A surprise deal to end decades of rivalry between Fatah and Hamas was on Thursday welcomed by the Palestinian leadership, but denounced by Israel as crossing "a red line."
The agreement, announced in Cairo on Wednesday, saw the secular Fatah party which dominates the West Bank-based Palestinian Authority, and Gaza's Islamist rulers, agree to form a transitional government ahead of elections, which will take place within a year.
Wednesday's deal, which came after 18 months of fruitless talks, drew praise from Palestinian prime minister Salam Fayyad, who expressed the hope it would be "an essential and important step to proceed to the immediate establishment of national unity."
It was also hailed by Iran, which said it would "speed up developments in the Palestinian arena and the gaining of great victories" against Israel.
But it had the opposite reaction in Israel, where hawkish Foreign Minister Avigdor Lieberman and Defence Minister Ehud Barak both warned that the Jewish state would never accept a Hamas government.
"With this accord, a red line has been crossed," Lieberman told Israel's military radio on Thursday, threatening an array of retaliatory measures, while Barak said the army would "use an iron fist to deal with any threat" and vowed to "never negotiate with Hamas."
Hamas said it had no plans to talk with Israel but would not stop Fatah from holding negotiations.
"If Fatah wants to bear the responsibility for negotiating on nonsense, let it. If it manages to get a state, good for them," senior Hamas leader Mahmud Zahar told AFP in Cairo.
The unity deal will see the two parties work together to form an interim government of independent politicians chosen by both sides, Fatah delegation chief Azzam al-Ahmad told AFP by phone from Cairo.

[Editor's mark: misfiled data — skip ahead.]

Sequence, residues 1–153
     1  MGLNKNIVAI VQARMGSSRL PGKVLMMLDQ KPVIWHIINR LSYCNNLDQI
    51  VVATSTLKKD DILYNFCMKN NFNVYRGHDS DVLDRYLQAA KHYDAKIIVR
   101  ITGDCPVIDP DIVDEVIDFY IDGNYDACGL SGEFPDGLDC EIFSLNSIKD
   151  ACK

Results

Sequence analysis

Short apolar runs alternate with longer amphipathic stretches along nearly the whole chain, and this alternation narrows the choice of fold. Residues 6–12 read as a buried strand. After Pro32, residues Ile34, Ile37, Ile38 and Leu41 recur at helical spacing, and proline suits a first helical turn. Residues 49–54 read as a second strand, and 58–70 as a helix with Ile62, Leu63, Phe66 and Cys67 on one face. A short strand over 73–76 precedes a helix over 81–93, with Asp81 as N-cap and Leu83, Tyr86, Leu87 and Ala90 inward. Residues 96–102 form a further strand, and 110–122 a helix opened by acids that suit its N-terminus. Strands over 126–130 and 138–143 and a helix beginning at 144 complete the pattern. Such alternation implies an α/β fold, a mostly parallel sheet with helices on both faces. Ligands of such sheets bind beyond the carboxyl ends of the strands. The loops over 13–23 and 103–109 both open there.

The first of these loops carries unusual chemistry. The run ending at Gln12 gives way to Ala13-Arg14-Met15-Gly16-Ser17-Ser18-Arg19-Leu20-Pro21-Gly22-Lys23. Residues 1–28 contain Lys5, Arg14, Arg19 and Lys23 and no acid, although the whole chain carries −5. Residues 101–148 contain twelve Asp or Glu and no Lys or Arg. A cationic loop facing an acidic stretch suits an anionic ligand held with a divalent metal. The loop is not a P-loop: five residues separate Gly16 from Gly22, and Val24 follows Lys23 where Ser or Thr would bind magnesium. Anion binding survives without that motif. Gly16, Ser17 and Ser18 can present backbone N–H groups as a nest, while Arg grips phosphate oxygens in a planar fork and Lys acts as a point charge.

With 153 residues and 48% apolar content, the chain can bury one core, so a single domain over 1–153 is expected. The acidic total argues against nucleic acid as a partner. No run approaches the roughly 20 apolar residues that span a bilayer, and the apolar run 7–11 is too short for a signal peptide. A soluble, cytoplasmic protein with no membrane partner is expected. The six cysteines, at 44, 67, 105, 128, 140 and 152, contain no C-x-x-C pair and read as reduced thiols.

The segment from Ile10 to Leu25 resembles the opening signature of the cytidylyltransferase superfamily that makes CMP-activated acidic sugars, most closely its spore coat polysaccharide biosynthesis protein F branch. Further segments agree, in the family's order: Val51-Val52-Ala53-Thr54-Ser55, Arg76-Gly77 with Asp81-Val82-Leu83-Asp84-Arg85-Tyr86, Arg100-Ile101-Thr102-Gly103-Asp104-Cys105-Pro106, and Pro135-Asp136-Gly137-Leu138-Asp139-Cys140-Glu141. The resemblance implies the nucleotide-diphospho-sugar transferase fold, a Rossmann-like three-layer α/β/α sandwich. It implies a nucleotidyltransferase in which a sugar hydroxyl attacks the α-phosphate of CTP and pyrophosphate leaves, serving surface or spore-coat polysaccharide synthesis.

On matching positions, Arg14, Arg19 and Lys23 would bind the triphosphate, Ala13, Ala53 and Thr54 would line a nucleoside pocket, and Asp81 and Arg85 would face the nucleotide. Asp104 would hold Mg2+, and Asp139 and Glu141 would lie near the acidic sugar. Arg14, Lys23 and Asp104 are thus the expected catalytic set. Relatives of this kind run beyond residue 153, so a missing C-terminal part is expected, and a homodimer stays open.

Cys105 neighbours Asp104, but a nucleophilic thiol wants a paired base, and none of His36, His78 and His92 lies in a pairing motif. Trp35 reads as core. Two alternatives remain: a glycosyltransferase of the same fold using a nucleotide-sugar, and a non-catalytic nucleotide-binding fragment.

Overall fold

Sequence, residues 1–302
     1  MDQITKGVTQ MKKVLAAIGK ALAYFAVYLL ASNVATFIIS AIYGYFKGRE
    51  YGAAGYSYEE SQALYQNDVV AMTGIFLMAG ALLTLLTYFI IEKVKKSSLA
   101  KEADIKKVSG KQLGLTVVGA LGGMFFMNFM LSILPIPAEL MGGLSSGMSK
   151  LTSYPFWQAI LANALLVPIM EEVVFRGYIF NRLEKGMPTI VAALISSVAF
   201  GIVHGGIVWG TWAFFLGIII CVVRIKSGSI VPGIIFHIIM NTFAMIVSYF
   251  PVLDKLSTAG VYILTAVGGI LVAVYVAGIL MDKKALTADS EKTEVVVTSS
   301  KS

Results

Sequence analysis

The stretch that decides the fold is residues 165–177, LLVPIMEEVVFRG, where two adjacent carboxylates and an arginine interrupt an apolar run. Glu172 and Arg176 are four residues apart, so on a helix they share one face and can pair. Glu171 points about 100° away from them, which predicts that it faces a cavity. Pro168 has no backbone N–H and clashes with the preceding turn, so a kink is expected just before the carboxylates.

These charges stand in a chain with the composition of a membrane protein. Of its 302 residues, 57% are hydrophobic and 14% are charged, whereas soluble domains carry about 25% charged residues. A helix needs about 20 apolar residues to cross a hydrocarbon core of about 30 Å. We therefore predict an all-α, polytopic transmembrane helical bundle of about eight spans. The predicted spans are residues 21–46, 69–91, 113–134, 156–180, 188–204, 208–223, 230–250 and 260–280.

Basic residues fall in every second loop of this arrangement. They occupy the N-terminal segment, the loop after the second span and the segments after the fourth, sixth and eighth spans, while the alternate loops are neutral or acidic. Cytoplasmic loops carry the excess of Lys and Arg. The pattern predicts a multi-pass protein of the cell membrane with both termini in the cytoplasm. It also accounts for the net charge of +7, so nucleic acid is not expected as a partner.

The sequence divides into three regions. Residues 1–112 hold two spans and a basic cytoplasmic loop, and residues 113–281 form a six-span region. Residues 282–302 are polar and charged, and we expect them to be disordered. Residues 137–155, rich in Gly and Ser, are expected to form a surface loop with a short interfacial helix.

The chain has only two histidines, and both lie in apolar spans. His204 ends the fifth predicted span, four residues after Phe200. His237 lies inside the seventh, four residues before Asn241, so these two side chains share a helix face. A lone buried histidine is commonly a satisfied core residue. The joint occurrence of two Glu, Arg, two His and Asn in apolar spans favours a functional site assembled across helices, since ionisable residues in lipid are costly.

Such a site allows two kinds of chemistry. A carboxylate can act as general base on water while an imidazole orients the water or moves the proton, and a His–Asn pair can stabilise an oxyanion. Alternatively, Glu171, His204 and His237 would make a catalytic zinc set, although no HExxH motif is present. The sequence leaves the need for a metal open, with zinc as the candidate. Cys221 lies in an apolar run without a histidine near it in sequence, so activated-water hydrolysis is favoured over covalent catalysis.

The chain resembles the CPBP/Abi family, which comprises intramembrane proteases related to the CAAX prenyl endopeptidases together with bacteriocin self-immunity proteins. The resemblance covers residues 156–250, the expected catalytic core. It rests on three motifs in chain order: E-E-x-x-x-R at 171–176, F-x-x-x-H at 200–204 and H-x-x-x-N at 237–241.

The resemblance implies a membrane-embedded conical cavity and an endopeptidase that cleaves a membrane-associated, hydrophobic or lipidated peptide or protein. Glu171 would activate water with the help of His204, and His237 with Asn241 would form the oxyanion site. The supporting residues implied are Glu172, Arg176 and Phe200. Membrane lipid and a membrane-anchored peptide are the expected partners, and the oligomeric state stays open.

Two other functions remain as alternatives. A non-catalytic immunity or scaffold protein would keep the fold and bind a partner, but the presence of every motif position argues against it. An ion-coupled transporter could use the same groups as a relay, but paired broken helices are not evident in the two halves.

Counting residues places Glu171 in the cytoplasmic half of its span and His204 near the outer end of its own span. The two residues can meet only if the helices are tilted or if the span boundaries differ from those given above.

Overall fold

"This government will be tasked with preparing for presidential and legislative elections within a year," he said.
Representatives of Hamas and Fatah are to return to Cairo at the end of next week to sign the document, which also laid out terms for the release of political detainees by both sides, Zahar told reporters.
He also confirmed that Fatah and Hamas had settled their differences on security, which bedevilled 18 months of negotiations that began after a failed attempt to ink a deal in October 2009.
Mussa Abu Marzuk, a top member of Hamas's exiled leadership in Damascus, told reporters the two parties would sign the deal on Wednesday next week, after which they would begin immediate consultations on the interim government.
Shortly after the deal was announced, Prime Minister Benjamin Netanyahu issued Abbas with an ultimatum.
"Choose between peace with Israel or peace with Hamas," he said, warning a deal would pave the way for Gaza's Hamas to extend their control over the West Bank.
"There cannot be peace with both because Hamas strives to destroy the state of Israel and says so openly," he said in a statement, which was dismissed by Abbas spokesman Nabil Abu Rudeina.
"In reaction to Netanyahu's remarks we say that Palestinian reconciliation ... is an internal Palestinian affair," he told AFP. Netanyahu, for his part, "must choose between peace and settlements."
In Washington, National Security Council spokesman Tommy Vietor welcomed the deal but said any new Palestinian government must "renounce violence, abide by past agreements and recognise Israel's right to exist."
Hamas and Fatah were on the verge of agreeing a largely similar Egyptian-mediated deal in October 2009 but the Islamists backed out, protesting the terms had been revised without its consent.
Tensions between the two movements date back to the start of limited Palestinian self-rule in the early 1990s when Fatah strongmen cracked down on Islamist activists.
They worsened in January 2006, when in a surprise general election rout, Hamas beat the previously dominant Fatah to grab more than half the seats in the Palestinian parliament.
Hamas expelled Fatah from Gaza after a week of deadly clashes in June 2007, cleaving the Palestinian territories into rival hostile camps.
Back home, Palestinians across the territories welcomed the deal which came just six weeks after tens of thousands of people took to the streets to demand the two rivals patch up their differences.